You DO NOT need a model release if the images will be used editorially (for the purpose of educating and/or conveying news or opinion). That includes placement in a magazine, newspaper or media outlet available for sale or viewing to the general public, which does not seek or accept sponsorship to, or in itself, promote a particular product, service or company. Additionally, you do not need a model release if the subject is not identifiable, even for commercial use. That being said, you should be aware that a subject’s face is not the only thing that might make them identifiable.

I should note that while a release isn’t needed for most editorial uses of an image, many (but not all) publishing companies do have clauses in their agreements requiring the photographer to obtain a model release from the subject. In my experience, this clause covers the publishing company from a liability perspective, but in most cases, both parties often ignore it unless the shoot features hired talent, kids, or if the subject matter of the article is controversial in any way. If an editorial contract states that releases are required, a discussion about this should take place, and I’d recommend asking the publishing company to provide the release they want to be signed.

So, what’s the best release to use? Well, there are a lot of forms available online (like these from ASMP and Getty) as well as many different apps (like Releases or Easy Release), many of them aren’t applicable in all situations or are a bit too broad (also, since releases are formal contracts, they are subject to state law, and it’s important to find out if there are any peculiarities that may require adjustment). For our purposes, we are typically working with professional talent (and/or their agents) who we negotiate specific usage with, for a specific fee, and therefore want to note such information on the release. Here is our model release:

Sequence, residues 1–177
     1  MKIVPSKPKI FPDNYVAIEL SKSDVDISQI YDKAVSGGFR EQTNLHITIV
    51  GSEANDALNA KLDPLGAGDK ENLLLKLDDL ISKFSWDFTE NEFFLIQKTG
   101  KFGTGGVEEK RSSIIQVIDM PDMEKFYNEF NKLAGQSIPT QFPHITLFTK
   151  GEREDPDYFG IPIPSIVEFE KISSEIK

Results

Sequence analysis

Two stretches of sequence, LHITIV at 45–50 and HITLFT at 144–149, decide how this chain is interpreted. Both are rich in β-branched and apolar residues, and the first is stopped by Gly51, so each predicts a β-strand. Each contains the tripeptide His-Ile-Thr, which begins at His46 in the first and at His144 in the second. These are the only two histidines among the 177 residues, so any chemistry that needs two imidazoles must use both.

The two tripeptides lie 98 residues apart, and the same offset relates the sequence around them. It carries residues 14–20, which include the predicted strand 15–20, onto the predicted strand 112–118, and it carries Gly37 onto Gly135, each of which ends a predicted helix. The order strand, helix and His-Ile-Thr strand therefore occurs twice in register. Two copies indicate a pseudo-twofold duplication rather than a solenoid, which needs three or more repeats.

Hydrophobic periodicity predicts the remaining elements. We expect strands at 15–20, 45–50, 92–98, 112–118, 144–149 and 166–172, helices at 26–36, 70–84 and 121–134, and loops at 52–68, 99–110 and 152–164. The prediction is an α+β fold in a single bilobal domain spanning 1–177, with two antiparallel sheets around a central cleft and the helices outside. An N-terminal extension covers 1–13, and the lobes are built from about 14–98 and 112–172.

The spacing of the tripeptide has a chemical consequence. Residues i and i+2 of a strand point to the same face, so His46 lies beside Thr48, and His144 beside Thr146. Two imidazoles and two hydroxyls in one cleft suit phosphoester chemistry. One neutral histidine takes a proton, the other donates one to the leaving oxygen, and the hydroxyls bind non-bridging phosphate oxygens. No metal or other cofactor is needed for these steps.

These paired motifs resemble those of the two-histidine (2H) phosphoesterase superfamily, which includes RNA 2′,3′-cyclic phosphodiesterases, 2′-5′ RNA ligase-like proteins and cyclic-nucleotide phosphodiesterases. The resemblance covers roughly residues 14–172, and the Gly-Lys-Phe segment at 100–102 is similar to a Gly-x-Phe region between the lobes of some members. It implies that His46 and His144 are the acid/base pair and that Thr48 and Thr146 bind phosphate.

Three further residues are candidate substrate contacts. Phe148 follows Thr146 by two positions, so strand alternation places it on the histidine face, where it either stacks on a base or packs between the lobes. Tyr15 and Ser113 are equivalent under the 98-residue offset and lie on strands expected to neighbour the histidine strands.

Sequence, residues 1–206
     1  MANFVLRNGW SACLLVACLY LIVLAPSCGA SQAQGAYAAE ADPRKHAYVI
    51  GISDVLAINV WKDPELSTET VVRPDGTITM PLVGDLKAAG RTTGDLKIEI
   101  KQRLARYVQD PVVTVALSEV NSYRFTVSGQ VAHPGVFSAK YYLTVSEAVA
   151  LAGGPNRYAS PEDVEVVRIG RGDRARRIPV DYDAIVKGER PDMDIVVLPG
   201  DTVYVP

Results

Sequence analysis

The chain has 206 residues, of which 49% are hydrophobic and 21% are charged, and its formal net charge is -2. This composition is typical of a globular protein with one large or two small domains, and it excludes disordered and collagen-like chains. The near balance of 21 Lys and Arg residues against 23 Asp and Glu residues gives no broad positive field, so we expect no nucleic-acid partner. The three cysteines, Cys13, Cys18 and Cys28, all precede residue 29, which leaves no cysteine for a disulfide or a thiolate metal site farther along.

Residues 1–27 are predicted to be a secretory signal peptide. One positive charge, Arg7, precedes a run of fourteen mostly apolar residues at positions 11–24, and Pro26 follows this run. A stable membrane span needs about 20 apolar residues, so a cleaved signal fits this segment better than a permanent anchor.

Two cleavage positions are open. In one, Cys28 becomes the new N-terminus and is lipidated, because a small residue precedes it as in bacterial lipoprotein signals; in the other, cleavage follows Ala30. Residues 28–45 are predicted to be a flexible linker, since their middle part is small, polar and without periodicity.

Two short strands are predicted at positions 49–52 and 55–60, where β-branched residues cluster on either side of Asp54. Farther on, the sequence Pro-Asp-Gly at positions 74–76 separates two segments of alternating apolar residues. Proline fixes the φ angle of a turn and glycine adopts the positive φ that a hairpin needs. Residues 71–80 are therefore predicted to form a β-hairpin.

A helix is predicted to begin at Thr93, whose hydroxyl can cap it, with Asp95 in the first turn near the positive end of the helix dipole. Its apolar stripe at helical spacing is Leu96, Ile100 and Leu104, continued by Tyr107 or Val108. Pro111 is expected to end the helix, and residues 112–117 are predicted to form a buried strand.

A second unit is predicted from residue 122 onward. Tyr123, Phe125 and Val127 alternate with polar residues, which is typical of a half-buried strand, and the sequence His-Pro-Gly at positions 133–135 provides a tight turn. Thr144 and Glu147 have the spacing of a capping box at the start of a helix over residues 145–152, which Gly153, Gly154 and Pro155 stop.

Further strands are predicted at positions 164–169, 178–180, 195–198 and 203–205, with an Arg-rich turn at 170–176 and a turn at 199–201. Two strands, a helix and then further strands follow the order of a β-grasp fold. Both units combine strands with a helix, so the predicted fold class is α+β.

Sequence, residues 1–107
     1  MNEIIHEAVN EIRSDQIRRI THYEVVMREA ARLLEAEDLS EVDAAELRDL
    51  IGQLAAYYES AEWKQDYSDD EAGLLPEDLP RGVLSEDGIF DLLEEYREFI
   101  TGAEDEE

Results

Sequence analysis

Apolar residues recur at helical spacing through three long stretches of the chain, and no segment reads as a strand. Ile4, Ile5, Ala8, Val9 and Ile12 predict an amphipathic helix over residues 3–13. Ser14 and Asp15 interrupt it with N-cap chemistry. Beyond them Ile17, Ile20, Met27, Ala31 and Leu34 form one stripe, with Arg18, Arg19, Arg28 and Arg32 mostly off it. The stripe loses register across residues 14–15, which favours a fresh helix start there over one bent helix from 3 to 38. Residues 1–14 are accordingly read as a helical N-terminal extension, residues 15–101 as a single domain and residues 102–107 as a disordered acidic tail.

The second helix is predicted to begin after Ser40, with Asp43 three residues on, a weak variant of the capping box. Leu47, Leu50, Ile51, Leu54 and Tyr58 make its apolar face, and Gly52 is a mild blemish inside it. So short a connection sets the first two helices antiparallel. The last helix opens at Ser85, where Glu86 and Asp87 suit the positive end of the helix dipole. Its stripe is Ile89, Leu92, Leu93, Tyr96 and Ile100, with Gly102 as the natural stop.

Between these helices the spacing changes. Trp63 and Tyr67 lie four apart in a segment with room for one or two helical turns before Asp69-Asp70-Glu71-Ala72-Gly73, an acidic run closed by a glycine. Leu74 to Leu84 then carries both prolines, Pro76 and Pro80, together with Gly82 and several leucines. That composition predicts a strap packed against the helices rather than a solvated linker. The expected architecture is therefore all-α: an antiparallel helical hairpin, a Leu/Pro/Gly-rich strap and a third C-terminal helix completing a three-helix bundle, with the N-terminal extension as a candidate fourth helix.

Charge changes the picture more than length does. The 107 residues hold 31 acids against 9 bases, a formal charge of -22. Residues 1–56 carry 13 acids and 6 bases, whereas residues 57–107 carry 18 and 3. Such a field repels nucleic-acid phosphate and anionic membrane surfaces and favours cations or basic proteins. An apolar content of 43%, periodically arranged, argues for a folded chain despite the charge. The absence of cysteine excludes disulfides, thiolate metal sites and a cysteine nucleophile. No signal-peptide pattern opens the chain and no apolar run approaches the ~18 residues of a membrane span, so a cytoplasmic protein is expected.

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You’ll notice we include a space for an image of the talent for reference. Since we often work with casting directors and hire professional talent, I’ll have their digital headshot and can drop that image on the release before getting them to sign it. Alternatively, using a Polaroid or other instant-print camera is a good option as you can staple the picture to the release after you have the talent sign it. Another method for other releases that don’t have a field for visual reference would be to take a picture of the person holding the signed release after signing it, so you can have both that image and the scanned release on file to identify the person.

Ok, you have a signed model release, so you are ready to go, right? Well, not necessarily. Property needs to be released too, and the basic rules detailed above for when you do and don’t need a release can be similarly applied to properties. You don’t need a release if the usage is editorial, but you do need a release if the property is easily identifiable and for commercial use, most of the time…

It’s understandably not always black and white, and there are a few key points to note about locations and releases. First, you need a release to include trademarks or copyright protected artworks in an image for commercial use. That includes logos on the facades of the buildings, murals, statues, and public art. Also, it’s important to know that certain architectural or design elements incorporated into a building can be trademarked. For instance, you can photograph the Eiffel Tower during the day without the need for a release, but the lights that appear in the evening are a trademarked design. You would, therefore, need to seek permission to use the image for commercial purposes if the image was taken at night when the lights are displayed.

Additionally, if you photograph a space that has art displayed, you would need a release from whoever owns the copyright to that piece of art, as well as, a release from the owner of the property in which the piece of art is displayed (if the location is identifiable) in order to use the image for commercial purposes. If you are unsure of whether or not there are any restrictions or limitations on a certain building or public work of art, you can contact your local film office, and they should be able to provide guidance on popular destinations or areas within your city.